BEIRUT: Zahle MP Nicolas Fattoush Tuesday proposed an urgent draft law to renew the Parliament's mandate for a year, local media reported, sparking a contentious debate on the matter.
Fattoush presented a draft proposal to Parliament’s Secretariat to extend the legislative body’s mandate until June 2018.
The Parliament’s Secretariat met later in the day, assigning a new legislative session for Thursday.
After the meeting, MP Serge Torsarkissian spoke to the press, addressing the Cabinet's reluctance to make a decision on a new electoral law and the technical extension of parliamentary terms.
"Any suggestion for a new law should come from the Cabinet. ... we [the Parliament] are here waiting for them to make a decision," Torsarkissian said.
He said that the parliamentary extension is being considered to "protect the people."
"Each party has its position on the issue, and we are waiting to see who accepts and who rejects the extension," he said.
Later Tuesday, Deputy Prime Minister and Health Minister Ghassan Hasbani said he rejected any extension to the, saying that the Lebanese Forces party was seeking to reach an agreement with rivals on a suitable electoral law.
Hasbani's spoke after a meeting with President Michel Aoun at Baabda Palace in presence of LF Information Minister Melhem Riachi.
"Yesterday's [Cabinet] session allowed a general discussion to take place from all sides," Hasbani said. "The committee will provide a draft that will be discussed and agreed on, which is the next step."
"We will do this as soon as possible," he added.
The two LF officials also met with Foreign Minister Gebran Bassil, the head of the Free Patriotic Movement, to discuss the development.
"There's solidarity and coordination between the LF and FPM," Riachi said after the talks, urging the agreement on a new electoral law that reflects balance.
The Cabinet, headed by Aoun, Monday decided to form a ministerial committee tasked with drafting an electoral law.
The committee, which will be led by Prime Minister Saad Hariri, will hold its first meeting Tuesday. It is the latest official attempt to speed up a deal on a voting system and avert the much-feared parliamentary vacuum.
President Aoun Tuesday also criticized the attempt to extend the Parliament's mandate.
"An extension without agreeing on a new vote law or its broad lines will not benefit Lebanon and its democratic system," he said via Twitter.
"There's still a chance to agree on a new electoral law [to govern] parliamentary elections, which ensures the correct representation of the Lebanese people fairly and equally."
Aoun warned that any decision other than agreeing on a balanced law would put the people in a standoff with the Constitutional institutions.
Bassil said during a news conference that his party will not approve the extension of MPs’ terms, extending hand to all rivals to agree on a new vote law and abstain from such an attempt.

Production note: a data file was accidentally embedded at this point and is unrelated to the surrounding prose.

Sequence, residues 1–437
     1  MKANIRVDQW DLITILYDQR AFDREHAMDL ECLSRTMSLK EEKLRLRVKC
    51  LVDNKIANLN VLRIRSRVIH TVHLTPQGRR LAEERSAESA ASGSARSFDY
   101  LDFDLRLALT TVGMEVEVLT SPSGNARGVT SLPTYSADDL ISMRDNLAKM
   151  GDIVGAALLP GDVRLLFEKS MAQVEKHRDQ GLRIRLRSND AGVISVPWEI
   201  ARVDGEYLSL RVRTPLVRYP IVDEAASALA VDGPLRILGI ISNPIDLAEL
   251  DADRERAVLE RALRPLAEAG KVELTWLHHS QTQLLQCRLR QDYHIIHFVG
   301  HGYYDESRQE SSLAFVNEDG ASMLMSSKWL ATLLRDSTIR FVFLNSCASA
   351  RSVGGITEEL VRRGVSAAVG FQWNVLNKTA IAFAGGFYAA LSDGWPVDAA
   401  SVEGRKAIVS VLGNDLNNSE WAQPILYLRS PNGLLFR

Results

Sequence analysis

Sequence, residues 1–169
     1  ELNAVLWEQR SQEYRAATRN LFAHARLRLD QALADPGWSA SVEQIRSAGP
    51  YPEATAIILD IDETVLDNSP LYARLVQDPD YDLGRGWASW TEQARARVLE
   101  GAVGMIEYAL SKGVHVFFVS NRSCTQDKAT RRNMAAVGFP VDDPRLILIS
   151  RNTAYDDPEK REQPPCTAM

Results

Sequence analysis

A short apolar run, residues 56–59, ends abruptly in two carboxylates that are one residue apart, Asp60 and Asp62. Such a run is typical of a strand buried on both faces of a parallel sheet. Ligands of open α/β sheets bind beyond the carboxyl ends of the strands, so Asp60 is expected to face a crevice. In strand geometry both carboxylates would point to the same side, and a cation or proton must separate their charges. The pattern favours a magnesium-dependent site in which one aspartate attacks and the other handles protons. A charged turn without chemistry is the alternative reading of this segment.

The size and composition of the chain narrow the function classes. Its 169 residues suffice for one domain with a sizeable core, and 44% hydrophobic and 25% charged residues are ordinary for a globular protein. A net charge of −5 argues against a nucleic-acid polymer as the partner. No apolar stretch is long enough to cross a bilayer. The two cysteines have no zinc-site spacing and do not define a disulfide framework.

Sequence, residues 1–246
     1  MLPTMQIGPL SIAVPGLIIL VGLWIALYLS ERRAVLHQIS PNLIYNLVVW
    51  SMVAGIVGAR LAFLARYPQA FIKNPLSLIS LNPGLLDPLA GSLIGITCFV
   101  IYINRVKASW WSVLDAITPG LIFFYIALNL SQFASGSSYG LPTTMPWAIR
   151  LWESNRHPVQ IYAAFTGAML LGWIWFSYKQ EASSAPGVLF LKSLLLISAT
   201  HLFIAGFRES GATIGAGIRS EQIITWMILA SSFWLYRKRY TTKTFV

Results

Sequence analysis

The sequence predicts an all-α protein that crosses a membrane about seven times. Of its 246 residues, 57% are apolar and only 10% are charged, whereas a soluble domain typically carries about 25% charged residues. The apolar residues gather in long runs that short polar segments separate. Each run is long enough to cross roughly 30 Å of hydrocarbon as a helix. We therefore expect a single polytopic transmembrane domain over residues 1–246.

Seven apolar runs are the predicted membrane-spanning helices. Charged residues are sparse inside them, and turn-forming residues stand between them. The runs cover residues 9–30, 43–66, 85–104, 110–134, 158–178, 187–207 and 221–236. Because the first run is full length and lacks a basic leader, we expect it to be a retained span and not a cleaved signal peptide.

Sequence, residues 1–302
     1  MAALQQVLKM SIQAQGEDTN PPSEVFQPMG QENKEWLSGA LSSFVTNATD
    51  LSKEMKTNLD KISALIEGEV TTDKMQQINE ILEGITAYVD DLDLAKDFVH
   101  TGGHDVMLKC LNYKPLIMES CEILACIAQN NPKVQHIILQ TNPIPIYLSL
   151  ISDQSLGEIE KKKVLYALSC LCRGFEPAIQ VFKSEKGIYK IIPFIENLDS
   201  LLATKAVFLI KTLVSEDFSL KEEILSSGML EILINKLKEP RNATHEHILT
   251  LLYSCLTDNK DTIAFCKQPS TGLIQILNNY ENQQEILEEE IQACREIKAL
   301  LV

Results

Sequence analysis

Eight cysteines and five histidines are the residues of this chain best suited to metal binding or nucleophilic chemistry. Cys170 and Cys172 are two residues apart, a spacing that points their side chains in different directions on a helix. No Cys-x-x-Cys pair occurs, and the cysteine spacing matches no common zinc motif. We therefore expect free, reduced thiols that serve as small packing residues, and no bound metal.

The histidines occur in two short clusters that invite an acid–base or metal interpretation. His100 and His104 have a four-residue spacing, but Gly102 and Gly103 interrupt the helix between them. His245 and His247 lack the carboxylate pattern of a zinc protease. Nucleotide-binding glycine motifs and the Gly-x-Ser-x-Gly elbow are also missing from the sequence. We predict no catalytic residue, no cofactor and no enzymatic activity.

He described the matter as a "political assassination" and "shameful."
The FPM chief called on Hezbollah and the Future Movement, along with all other parties, to stand by democracy and refrain from such a move.
"We have several options to stop the extension of the Parliament's mandate. We will not go into deals the country's main foundations and democracy," he said, adding that FPM lawmakers will not attend Thursday's extension session.
The Foreign Minister said that he exhausted all options by proposing several vote law initiatives.
He addressed the Lebanese affirming that the "will have a new electoral law despite the delay."
"Our duty compels us to challenge the extension with all available means guaranteed by the Constitution."
A political source told The Daily Star Monday that MPs are expected approve a new extension of the legislative body’s term during the next Parliament session as part of what a parliamentary source called “extension of necessity” to avert a vacuum.
The Kataeb Party announced that a protest will be held simultaneously with Thursday's legislative session.
Speaker Nabih Berri, Prime Minister Saad Hariri and Interior Minister Nouhad Machnouk have spoken of a “technical” extension of Parliament’s term, saying this was needed to finalize logistical preparations for the elections.
Parliamentary elections were originally scheduled to take place between May 21 and June 21, but deadlock over a vote law would lead to a delay of the polls.
Parliament has extended its mandate twice, in 2013 and 2014, over security fears.
Previously, President Michel Aoun dispelled fears of vacuum in Parliament, whose extended mandate expires on June 20.
Prime Minister Hariri held talks with Progressive Socialist Party leader Walid Jumblatt, but left without making any statement.
Former Health Minister Wael Abu Faour, who attended the meeting, said that talks focused on electoral law proposals.
“I want to reassure [the Lebanese] that there will be no vacuum. A return to the Constitution and the decisions of the Constitutional Council [are indications of] this. Therefore, there is no reason to talk about vacuum,” he said.